Rep. Kyle Hilbert discusses goals for new role as Oklahoma Speaker of the House: This week, Oklahoma House Republicans elected the youngest house speaker in state history. Representative Kyle Hilbert of Bristow will be stepping in for Charles McCall who is the longest serving speaker in state history. [News6]

Opinion, Former State Budget Secretary Mike Mazzei: Oklahoma budget projections are not adding up, could lead to repeated mistakes: I have been looking at the annual Proposed FY 2025 Revenue Certification by the Oklahoma State Board of Equalization, and I’m starting to wonder if their numbers reflect reality. There have been occasions in the past when the numbers were far off the mark, and the current projections give me an eerie reminder of past mistakes. [Mike Mazzei / Tulsa World]

Opinion: Bill meant to protect Oklahoma youths from social media ills could actually cause more harm: An Oklahoma House bill seeking to reverse the negative effects of social media on youth does not address root causes and could exacerbate the problem if enacted. House Bill 3914 passed the Government Modernization and Technology Committee, and it would ban minors under 16 from using social media and would mandate parental consent for those who are 16 and 17 before creating an account. [Noah J. Coffman / Tulsa World]

Editorial: Oklahoma lawmakers must do more to ensure DHS can recruit, retain enough foster homes for vulnerable children: Oklahoma is moving backward in its improvements made to foster care, with an urgent problem developing in not having enough foster homes. Now is the time for state lawmakers to invest in resources to help current foster homes stay open and to recruit new foster families. [Editorial / Tulsa World]

Tribal Nations News

Oklahoma Gov. Kevin Stitt signs compact with Cherokee Nation, state’s largest tribe: The Cherokee Nation tribal council will vote Monday whether to approve a new tobacco tax compact with the state of Oklahoma. The compact stands to become the seventh state-tribal agreement successfully negotiated by the governor’s office since January, and it will likely be the biggest. [The Oklahoman]

Voting and Election News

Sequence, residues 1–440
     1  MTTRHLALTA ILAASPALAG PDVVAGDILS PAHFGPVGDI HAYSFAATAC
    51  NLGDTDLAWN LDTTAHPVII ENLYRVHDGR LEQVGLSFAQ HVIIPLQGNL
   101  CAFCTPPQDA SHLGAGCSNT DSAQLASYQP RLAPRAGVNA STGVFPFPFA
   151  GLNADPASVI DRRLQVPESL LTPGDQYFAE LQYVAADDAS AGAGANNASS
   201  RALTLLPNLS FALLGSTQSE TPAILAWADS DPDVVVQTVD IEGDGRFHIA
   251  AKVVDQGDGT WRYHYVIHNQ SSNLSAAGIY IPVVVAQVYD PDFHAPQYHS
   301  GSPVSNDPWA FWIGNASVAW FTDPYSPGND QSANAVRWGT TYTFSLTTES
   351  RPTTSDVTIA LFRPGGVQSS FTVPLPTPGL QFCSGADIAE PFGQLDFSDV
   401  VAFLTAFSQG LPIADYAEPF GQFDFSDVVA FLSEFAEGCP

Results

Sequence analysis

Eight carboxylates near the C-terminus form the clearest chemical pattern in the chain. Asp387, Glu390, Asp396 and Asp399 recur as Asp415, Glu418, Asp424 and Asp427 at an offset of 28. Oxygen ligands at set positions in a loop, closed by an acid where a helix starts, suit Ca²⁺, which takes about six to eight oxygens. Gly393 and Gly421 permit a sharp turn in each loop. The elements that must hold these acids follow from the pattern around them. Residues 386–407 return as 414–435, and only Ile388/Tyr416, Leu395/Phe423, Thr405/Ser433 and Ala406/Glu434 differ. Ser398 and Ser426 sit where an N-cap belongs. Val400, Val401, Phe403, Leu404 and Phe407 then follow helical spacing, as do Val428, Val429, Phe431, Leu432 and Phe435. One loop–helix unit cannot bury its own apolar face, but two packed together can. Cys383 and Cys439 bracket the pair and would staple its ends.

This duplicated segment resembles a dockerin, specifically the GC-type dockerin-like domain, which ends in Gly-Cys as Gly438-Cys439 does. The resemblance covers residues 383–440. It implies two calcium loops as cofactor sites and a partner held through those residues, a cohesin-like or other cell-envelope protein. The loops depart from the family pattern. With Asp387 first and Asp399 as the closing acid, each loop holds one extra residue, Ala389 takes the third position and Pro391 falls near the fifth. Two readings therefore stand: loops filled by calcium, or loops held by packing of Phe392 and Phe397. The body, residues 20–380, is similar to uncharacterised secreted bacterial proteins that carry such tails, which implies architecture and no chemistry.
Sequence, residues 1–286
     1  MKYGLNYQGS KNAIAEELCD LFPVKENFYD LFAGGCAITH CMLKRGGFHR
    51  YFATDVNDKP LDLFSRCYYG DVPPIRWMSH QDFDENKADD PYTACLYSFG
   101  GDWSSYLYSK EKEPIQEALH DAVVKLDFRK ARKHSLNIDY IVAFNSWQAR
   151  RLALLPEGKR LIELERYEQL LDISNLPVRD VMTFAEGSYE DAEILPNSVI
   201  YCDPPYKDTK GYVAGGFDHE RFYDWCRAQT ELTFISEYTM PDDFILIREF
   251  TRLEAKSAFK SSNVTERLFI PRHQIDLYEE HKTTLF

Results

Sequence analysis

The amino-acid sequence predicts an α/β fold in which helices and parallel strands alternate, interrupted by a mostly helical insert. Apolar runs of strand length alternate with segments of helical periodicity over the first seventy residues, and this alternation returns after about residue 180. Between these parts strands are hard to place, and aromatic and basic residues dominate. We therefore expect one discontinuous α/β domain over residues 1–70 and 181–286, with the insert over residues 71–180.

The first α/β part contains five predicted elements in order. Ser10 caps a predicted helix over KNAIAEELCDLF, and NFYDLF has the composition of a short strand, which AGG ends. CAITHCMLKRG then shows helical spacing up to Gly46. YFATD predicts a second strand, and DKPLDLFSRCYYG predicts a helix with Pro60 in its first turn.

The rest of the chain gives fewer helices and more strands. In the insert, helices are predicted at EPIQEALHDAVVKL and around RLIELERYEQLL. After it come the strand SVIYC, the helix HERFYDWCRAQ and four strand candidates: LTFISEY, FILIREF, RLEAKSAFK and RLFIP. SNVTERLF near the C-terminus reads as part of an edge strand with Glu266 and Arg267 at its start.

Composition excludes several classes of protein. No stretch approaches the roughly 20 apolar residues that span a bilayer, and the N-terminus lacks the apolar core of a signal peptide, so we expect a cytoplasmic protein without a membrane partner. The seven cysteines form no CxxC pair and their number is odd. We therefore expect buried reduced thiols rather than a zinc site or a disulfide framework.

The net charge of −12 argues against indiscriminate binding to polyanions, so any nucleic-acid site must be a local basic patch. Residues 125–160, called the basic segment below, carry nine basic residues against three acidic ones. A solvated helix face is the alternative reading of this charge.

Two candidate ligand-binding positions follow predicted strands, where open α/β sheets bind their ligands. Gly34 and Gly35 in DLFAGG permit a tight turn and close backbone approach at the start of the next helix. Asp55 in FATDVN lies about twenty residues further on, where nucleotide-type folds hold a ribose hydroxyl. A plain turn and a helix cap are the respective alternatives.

Oklahoma Republican turnout rises while Democratic numbers plummet from 2020 primary to 2024: President Joe Biden and former President Donald Trump each sailed to victory in Oklahoma’s presidential preference primaries. Only 91,000 voters cast ballots in the Democratic primary this year compared to 304,000 in 2020. [The Oklahoman]

Opinion: Steven Rosenfeld: 20 years of data show no link between mailed ballots and illegal voting: As the 2024 presidential cycle revs up and the presumptive GOP nominee keeps attacking elections, it is worth revisiting the most extensive national study by political scientists that looked at whether mailed-out ballots have any relation to voter fraud. In a word, their answer was “no.” That conclusion was based on comparing incidents of illegal voting during the two decades before the 2020 presidential election to the increasing use of mailed-out ballots during that time. [Steven Rosenfeld / Tulsa World]

Health News

Ageism in health care is more common than you might think, and it can harm people: That tendency to see older adults as “other” doesn’t just result in loud greetings, or being called “honey” while having your blood pressure taken, both of which can dent a person’s morale. Researchers and geriatricians say that instances like these constitute ageism – discrimination based on a person’s age – and it is surprisingly common in health care settings. It can lead to both overtreatment and undertreatment of older adults, says Dr. Louise Aronson, a geriatrician and professor of geriatrics at the University of California, San Francisco. [KOSU]

Criminal Justice News

Death row inmate Michael DeWayne Smith denied clemency despite tearful plea: Death row inmate Michael DeWayne Smith wept Wednesday as he pleaded for mercy, saying again he is innocent of two 2002 murders despite confessing to police. The parole board was not swayed, voting 4-1 to deny clemency. [The Oklahoman]

  • Oklahoma panel denies clemency for death row inmate, paves way for lethal injection [Public Radio Tulsa]

Opinion: Keeping track of good and bad criminal justice bills proposed by Oklahoma lawmakers: The first substantive deadline for bills in the Oklahoma Legislature this session was Feb. 29. The first deadline acts as a funeral for many promising policy pieces that simply did not make the cut to get a committee vote. If a bill does not pass this first hurdle, then the bill is dead for the remainder of session. [Colleen McCarty / Tulsa World]

Housing & Economic Opportunity

Breaking Camp: Lawmakers Take Aim at Homeless Encampments on State Land: Two bills would outlaw sleeping on state land that isn’t a designated campsite. Supporters say it’s for safety. Opponents say there are better ways. [Oklahoma Watch]